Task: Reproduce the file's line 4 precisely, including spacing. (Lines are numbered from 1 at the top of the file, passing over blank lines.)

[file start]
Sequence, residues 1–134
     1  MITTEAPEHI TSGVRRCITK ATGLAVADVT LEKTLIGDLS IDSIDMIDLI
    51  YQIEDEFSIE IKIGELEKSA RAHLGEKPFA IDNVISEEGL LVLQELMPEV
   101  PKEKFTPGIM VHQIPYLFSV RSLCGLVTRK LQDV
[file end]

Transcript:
   101  PKEKFTPGIM VHQIPYLFSV RSLCGLVTRK LQDV